Canadian Forest Service Publications
The bionomics of the mountain pine beetle in lodgepole pine forests: establishing a context. 2004. Carroll, A.L.; Safranyik, L. Pages 21-32 in T.L. Shore, J.E. Brooks, and J.E. Stone, editors. Mountain Pine Beetle Symposium: Challenges and Solutions, October 30-31, 2003, Kelowna, British Columbia, Canada. Natural Resources Canada, Canadian Forest Service, Pacific Forestry Centre, Victoria, British Columbia, Information Report BC-X-399. 298 p.
Available from: Pacific Forestry Centre
Catalog ID: 25030
CFS Availability: PDF (download)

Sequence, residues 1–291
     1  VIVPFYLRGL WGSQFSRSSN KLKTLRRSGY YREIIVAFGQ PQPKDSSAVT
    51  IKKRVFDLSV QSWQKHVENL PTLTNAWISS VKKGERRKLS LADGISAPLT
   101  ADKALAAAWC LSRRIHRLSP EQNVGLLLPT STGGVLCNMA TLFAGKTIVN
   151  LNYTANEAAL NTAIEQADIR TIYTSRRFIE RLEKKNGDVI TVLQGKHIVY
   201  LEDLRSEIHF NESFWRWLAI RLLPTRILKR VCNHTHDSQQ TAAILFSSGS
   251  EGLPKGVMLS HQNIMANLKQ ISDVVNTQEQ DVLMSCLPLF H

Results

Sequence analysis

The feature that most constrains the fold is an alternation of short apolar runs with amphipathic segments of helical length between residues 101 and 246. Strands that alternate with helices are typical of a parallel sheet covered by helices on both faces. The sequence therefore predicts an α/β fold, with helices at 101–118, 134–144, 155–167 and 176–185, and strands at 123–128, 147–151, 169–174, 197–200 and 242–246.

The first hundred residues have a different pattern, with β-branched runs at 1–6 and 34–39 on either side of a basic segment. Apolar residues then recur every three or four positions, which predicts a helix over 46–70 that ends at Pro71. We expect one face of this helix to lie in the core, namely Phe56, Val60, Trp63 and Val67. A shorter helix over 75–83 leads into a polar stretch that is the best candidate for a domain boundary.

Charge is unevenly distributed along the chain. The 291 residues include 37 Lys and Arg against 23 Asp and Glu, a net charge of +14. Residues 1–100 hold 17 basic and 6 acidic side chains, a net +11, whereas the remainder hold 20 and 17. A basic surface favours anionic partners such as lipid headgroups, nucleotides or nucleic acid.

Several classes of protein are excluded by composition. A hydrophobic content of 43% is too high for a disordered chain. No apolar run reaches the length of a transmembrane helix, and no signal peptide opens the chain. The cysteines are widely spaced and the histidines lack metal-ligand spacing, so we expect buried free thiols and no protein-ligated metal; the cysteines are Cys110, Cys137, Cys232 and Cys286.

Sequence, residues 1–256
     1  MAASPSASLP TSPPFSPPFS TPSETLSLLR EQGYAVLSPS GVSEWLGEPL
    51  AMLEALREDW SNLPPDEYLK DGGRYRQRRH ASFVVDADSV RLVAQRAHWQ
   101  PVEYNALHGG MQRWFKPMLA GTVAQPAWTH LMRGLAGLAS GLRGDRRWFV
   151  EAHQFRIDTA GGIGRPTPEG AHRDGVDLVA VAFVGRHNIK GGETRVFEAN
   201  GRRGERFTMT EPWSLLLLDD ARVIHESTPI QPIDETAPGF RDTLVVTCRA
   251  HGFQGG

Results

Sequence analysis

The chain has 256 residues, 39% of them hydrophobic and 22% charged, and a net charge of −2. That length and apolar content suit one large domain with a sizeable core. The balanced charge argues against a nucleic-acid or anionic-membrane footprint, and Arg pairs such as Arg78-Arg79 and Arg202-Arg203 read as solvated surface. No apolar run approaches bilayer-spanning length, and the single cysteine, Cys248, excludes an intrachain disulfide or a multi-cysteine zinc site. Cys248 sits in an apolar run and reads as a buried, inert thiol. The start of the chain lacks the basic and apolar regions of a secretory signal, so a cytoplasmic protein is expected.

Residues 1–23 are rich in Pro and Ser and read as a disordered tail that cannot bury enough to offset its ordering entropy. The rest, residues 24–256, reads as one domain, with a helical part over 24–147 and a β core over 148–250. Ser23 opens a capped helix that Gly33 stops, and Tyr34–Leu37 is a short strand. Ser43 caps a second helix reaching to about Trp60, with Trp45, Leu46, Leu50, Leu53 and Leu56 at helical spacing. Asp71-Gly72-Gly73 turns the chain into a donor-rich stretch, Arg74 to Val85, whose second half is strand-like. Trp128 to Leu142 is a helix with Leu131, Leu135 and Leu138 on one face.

Due to the significant impacts of mountain pine beetle (Dendroctonus ponderosae Hopk.) epidemics on the pine forests of western North America, there exists an extensive body of literature devoted to its bionomics. This paper reviews the critical aspects of mountain pine beetle biology and ecology that enable its eruptive population fluctuations in lodgepole pine (Pinus contorta Dougl. ex Loud. var. latifolia Engelm.) forests: dispersal and colonization; insect-host interactions; cold tolerance; and synchrony and phenology. The potential for mountain pine beetle populations to establish, persist and ultimately increase to outbreak levels is a function of the beetle's capacity to locate, colonize and reproduce within highly resistant host trees situated in thermal environments conducive to overwintering survival and with sufficient heat accumulation to maintain a synchronous univoltine life cycle. Management strategies and tactics intended to mitigate the impact of outbreaks must be based on an understanding of the effects these constraints have on populations and the subsequent adaptations that the mountain pine beetle has evolved to overcome them.
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